Conflict And Terrorism Cost The World Trillions, Says Peace Index

By Sam Jones | Global peace index, which ranks Syria bottom and Iceland top, says political instability, terrorism and conflict cost the global economy $13.6tn last year.

The world’s expensive slide into violence and unrest continued last year, with conflict, terrorism and political instability costing the global economy $13.6tn (£9.3tn), according to the annual global peace index.

The 2016 index, which analysed 163 countries and territories, rates Syria the least peaceful country, followed by South Sudan, Iraq, Afghanistan and Somalia. The world’s most peaceful countries are Iceland, Denmark, Austria, New Zealand and Portugal.

While levels of peace improved in 81 countries, the gains were undermined by larger deteriorations in another 79, meaning that peace declined at a faster rate than in the previous year. Among the greatest destabilising factors were terrorism, political turmoil, and the intensification and persistence of wars in Syria, Ukraine, Central African Republic and Libya.

The Middle East and North Africa (Mena) is once again the least peaceful region. Three of the five biggest declines in peace occurred in the region – Yemen, Libya and Bahrain – and violence and conflict in Mena are so fierce that, when considered separately, peace in the rest of the world improved.

“The historic 10-year deterioration in peace has largely been driven by the intensifying conflicts in the Mena region,” says the report. “Terrorism is also at an all-time high, battle deaths from conflict are at a 25-year high, and the number of refugees and displaced people are at a level not seen in 60 years.

“Notably, the sources for these three dynamics are intertwined and driven by a small number of countries, demonstrating the global repercussions of breakdowns in peacefulness.”

Steve Killelea, the founder and executive chairman of the Institute for Economics and Peace (IEP) thinktank, which produces the index, said the consequences of conflicts in Middle Eastern and north African countries are being felt well beyond their borders.

“As internal conflicts in Mena become more entrenched, external parties are increasingly becoming more involved and the potential for indirect or ‘war by proxy’ between nation states is rising,” he said.

The effects of violence have manifested themselves in the numbers of refugees and internally displaced people: by the beginning of 2015, a record 59.5 million people – one in every 122 humans – were either refugees, internally displaced or seeking asylum.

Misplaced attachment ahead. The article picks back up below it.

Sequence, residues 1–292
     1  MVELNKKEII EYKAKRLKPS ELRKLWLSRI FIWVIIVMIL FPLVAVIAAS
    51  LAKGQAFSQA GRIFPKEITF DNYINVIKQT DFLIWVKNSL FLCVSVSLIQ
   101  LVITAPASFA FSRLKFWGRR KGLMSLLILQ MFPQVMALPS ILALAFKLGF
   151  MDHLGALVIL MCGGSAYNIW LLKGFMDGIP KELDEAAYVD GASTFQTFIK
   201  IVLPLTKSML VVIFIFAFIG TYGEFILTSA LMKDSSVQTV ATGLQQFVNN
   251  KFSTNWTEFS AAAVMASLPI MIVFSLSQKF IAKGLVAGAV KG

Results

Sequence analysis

According to the index, nine countries now have more than 10% of their population displaced. In South Sudan and Somalia, 20% have fled their homes. In Syria, the proportion is more than 60%.

A man walks through the rubble following airstrikes by government forces on the Shaar neighbourhood of the Syrian city of Aleppo in March 2015. Photograph: Zein Al-Rifai/AFP/Getty
A man walks through the rubble following airstrikes by government forces on the Shaar neighbourhood of the Syrian city of Aleppo in March 2015.
Photograph: Zein Al-Rifai/AFP/Getty

The report notes that although most terrorist activity is concentrated in five countries – Syria, Iraq, Nigeria, Afghanistan and Pakistan – the global impact is increasing.

“Deaths from terrorism increased by 80% from last year’s report, with only 69 countries not recording a terrorist incident,” says the index. “The intensity of terrorism also increased with the number of countries suffering more than 500 deaths from terrorist acts more than doubling, up from five to 11.”

South Asia remains the second least peaceful region, with deteriorations in Afghanistan, Nepal, Bangladesh and India, but modest improvements in Bhutan, Sri Lanka and Pakistan.

The picture in sub-Saharan Africa is mixed: although Chad, Mauritania and Niger have all improved their relations with neighbouring countries, Islamist terrorist groups such as Boko Haram and continuing violence in South Sudan have damaged efforts to bring peace and stability.

The sums lost through conflict are huge. The IEP said the $13.6tn cost of violence last year represented 13.3% of gross world product – or $1,876 per person – and was equivalent to 11 times the amount spent on foreign direct investment.

The UN expects to spend $8bn (£5.5bn) on peacekeeping this year – an increase of 17% on 2015. But Killelea argues that the sums spent on building and keeping peace are small in comparison with the economic impact of violence, and represent only 2% of worldwide losses from armed conflict.

“Addressing the global disparity in peace and achieving an overall 10% decrease in the economic impact of violence would produce a peace dividend of $1.36tn,” he said. “This is approximately equivalent to the size of world food exports.”

As well as calling on the international community to promote peace, the report urges it to monitor peacefulness through the sustainable development goal on promoting just, peaceful and inclusive societies. Its audit of the existing data for goal 16 finds that while there is enough data to measure progress, more work needs to be done on data availability, disaggregation, reliability, timeliness and objectivity.

“It will take significant time and investment for countries to develop the necessary capacities to measure goal 16,” concludes the index.

First published in 2008, the GPI ranks nations by gauging peace according to safety and security in society, levels of domestic and international conflict, and militarisation.



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